Bill Long 2/23/08
Finally, On To The Meeting
Trumpets sound throughout hell to summon a "solemn Counsel" (755). Don't lose sight of the fact of what this council concerns--it will be a planning meeting to enable them to "get back at God" by indirect ways. So, they meet at Pandemonium, "the high Capital of Satan and his Peers" (756-57). The crowd of those responding to the summons is immmense. "With hundreds and with thousands trooping came/ Attended" (760-61). Every available space was taken; the gates were thronged and the porches overflowing. The spacious hall "thick swarm'd, both on the ground and in the air" (767). It is reminiscent of the swarming hordes of Achilles' men, the Myrmidons (which means "the ants") who swarmed to respond to his call for battle in the Iliad. It was an "awful" (i.e., awe-inspiring) sight. So as not to miss the intense Homeric character of this swarming, Milton uses a simile of bees:
In spring time, when the Sun with Taurus rides,
Pour forth thir populous youth about the Hive
In clusters; they among fresh dews and flowers
Flie to and fro, or on the smoothed Plank,
The suburb of thir Straw-built Citadel,
New rub'd with Balm, expatiate and confer
Thir State affairs," (768-775).
Listen to the way that Homer describes the clustering of the people in Iliad II, 87-90:
"Even as the tribes of thronging bees go forth from some hollow rock, ever coming on afresh, and in clusters over the flowers of spring fly in throngs, some here, some there; even so from the ships and huts before the low sea-beach marched forth in companies their many tribes to the place of gathering."
The word "expatiate" in line 774 of Milton usually means, in our day, to "speak or write at some length." But its original meaning, which Milton uses here, is taken from the Latin "ex" and "spatiari" (to walk about) and means "to walk about at large, to roam without restraint; to move about freely in space." "Balm" in l. 774 refers not to the resinous substance we imagine but to a kind of sulphur, which was a product of the construction (see OED under sulphur 1d.). Both pictures have their raw and emotive power, though I think Milton's is a little more "ponderous" than Homer's or, alternatively, Homer is more "lithe" than Milton.
But just as Milton seems to be getting a little more ponderous than Homer, he comes along with a strikingly original line or image, whose purpose it is to make all the teeming multitude of spirits "fit" in a confined space. He says:
"So thick the aerie crowd
Swarm'd and were straitn'd; till the Signal giv'n.
Behold a wonder! they but now who seem'd
In bigness to surpass Earths Giant Sons
Now less then smallest Dwarfs," (775-79).
In other words, they were all changed or transformed from large creatures to very tiny ones so that the entire crowd could be accommodated. Since Satan some day will be able to transform himself as an angel of light (II Cor. 11:14), it isn't unusual for Milton to pick upon a theme like that to suggest transformation in Hell. How small are these fallen creatures? Well, the are like the "Pigmean Race" beyond the "Indian Mount" or "Faery Elves" (781). that is, they are very small.
But it isn't enough for Milton just to say that they were as small as "Faery Elves." He has to be "Homeric" about it by giving us more information, more "data" about a "sighting" of such an elf. These are the Faery Elves:
"Whose midnight Revels, by a Forrest side
Or Fountain some belated Peasant sees,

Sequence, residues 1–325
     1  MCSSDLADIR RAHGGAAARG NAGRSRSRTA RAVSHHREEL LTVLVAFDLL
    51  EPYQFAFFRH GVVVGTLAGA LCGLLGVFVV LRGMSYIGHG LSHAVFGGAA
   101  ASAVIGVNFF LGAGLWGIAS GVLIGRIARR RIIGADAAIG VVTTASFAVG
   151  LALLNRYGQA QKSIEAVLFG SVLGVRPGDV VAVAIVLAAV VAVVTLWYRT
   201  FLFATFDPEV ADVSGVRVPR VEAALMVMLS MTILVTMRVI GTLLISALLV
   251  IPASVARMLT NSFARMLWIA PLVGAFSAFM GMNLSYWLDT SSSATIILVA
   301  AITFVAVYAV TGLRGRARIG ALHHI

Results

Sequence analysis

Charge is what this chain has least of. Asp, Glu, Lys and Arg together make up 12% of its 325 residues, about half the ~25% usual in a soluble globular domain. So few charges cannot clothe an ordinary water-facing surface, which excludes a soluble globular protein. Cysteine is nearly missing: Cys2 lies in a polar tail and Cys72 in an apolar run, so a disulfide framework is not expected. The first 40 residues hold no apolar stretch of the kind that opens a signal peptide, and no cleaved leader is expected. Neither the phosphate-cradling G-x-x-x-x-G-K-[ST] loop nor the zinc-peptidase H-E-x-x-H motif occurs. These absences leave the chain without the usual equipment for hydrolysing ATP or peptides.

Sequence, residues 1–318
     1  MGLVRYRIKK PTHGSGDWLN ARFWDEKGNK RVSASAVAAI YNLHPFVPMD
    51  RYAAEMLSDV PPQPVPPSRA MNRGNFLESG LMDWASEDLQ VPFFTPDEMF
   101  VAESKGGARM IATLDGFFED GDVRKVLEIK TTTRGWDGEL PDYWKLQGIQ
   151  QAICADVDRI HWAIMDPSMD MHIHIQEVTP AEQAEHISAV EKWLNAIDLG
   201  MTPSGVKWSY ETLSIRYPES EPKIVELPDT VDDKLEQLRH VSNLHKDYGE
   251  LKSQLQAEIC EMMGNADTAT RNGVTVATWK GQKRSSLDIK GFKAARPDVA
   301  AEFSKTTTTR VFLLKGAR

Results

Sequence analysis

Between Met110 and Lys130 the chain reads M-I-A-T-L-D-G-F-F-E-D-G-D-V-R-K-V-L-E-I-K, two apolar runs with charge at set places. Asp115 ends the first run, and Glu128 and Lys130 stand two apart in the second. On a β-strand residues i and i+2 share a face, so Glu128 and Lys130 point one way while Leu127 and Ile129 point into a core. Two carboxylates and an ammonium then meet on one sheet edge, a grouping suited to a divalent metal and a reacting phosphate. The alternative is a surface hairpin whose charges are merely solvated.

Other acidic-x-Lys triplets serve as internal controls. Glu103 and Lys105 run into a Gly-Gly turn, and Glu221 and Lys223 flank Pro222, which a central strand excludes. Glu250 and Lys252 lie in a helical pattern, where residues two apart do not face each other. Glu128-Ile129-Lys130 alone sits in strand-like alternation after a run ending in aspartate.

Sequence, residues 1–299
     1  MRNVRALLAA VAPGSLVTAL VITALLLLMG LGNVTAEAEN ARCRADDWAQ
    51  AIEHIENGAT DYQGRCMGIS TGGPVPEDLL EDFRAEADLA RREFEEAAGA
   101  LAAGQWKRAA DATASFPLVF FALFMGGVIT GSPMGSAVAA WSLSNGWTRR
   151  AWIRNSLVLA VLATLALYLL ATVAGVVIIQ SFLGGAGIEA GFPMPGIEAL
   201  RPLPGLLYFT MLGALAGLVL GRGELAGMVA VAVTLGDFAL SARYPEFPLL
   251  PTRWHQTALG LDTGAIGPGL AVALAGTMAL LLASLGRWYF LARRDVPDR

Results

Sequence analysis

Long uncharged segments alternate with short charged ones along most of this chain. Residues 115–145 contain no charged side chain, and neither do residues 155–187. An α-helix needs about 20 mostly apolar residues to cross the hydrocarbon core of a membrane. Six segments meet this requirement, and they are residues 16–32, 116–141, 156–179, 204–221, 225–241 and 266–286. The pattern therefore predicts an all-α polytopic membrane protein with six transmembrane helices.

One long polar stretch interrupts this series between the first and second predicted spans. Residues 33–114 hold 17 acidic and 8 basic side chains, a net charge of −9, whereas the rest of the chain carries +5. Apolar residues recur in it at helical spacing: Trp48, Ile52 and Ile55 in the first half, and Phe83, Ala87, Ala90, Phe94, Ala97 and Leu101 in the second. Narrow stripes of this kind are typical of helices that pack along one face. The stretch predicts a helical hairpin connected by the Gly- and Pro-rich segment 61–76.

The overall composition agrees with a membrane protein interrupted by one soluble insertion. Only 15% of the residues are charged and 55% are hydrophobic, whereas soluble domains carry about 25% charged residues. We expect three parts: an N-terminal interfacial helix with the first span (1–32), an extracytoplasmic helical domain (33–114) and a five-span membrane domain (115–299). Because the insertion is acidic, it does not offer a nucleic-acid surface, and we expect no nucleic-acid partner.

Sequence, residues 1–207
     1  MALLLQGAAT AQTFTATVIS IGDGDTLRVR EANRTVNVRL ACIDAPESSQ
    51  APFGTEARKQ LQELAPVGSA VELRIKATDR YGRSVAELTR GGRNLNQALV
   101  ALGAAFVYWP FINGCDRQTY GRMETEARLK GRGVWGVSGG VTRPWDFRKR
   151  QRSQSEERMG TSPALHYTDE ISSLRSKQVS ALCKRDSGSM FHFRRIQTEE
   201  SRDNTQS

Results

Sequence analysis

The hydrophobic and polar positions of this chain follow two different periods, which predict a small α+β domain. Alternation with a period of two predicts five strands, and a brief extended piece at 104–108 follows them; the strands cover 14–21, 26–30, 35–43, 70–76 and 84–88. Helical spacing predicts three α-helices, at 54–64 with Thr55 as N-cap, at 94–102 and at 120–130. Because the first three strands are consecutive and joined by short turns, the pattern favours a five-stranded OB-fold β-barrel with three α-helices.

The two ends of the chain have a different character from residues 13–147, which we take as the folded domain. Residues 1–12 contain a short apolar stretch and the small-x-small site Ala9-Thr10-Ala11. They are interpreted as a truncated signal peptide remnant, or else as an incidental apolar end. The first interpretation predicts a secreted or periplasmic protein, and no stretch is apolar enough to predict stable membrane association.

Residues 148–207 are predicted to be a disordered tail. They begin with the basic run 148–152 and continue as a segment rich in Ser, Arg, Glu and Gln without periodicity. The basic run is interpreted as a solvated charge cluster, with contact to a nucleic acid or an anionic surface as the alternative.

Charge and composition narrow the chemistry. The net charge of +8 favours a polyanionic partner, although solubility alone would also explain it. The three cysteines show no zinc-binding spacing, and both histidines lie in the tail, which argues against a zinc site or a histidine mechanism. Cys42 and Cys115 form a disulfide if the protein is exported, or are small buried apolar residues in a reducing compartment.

Or dreams he sees, while over-head the Moon
Sits Arbitress, and neerer to the Earth
Wheels her pale course, they on thir mirth and dance
Intent, with jocond Music charm his ear;
At once with joy and fear his heart rebounds," (782-88).
This is nothing other than a most delightful digression on Faeries which are either seen or which a peasant "dreams he sees." In these last three words is a picture. Has Milton read accounts of peasants dancing to "jocund Music" at night or sleeping and dreaming that he is doing this? Now we are being taken to a world of joyous dance and dreaming, while the supposed reason for the digression was only the smallness of the spirits in Hell. I wonder if Milton is also trying to suggest that in the gathering of the evil spirits there is a sort of tone in the air like the gathering of the peasants in their "mirth and dance"? Many commentators point to this passage as Milton's echoing of Bottom's dream in Shakespeare's MND IV.1.
Most of the spirits then congregated "without number" in the Hall of that "infernal Court" (792). But it was within the Court that the action was about to unfold. There the "great Seraphic Lords and Cherubim" sat in a secret conclave. There were 1000 "Demi-Gods on golden seats,/ Frequent and full," (787-98). The word "frequent," which we only associate with the idea "often," means something different here. Its first meaning in the OED, going back to the 16th century, is "Of persons, an assembly, etc.: Assembled in great numbers, crowded, full." It often is used in the phrase full and frequent, though Milton reverses that in line 798. Holland, in his 1606 translation of Suetonius, uses this phrase: "He..in a ful and frequent assemblie..besought the faithfull helpe and assistance of his soldiers." Thus, we have a crowded assembly. Silence reigns for a moment, but there will soon be lots of talk--in Book II.
I began these essays only with the intention of making clear the origin and meaning of "pandemonium." I think I did that well enough, in the opening few lines of the first essay. But, as you see, I just couldn't resist diving into Milton. It makes me almost wonder if I should just put down my work for a few weeks and patiently work through this classic--and then memorize it. What do you think?
Copyright © 2004-2009 William R. Long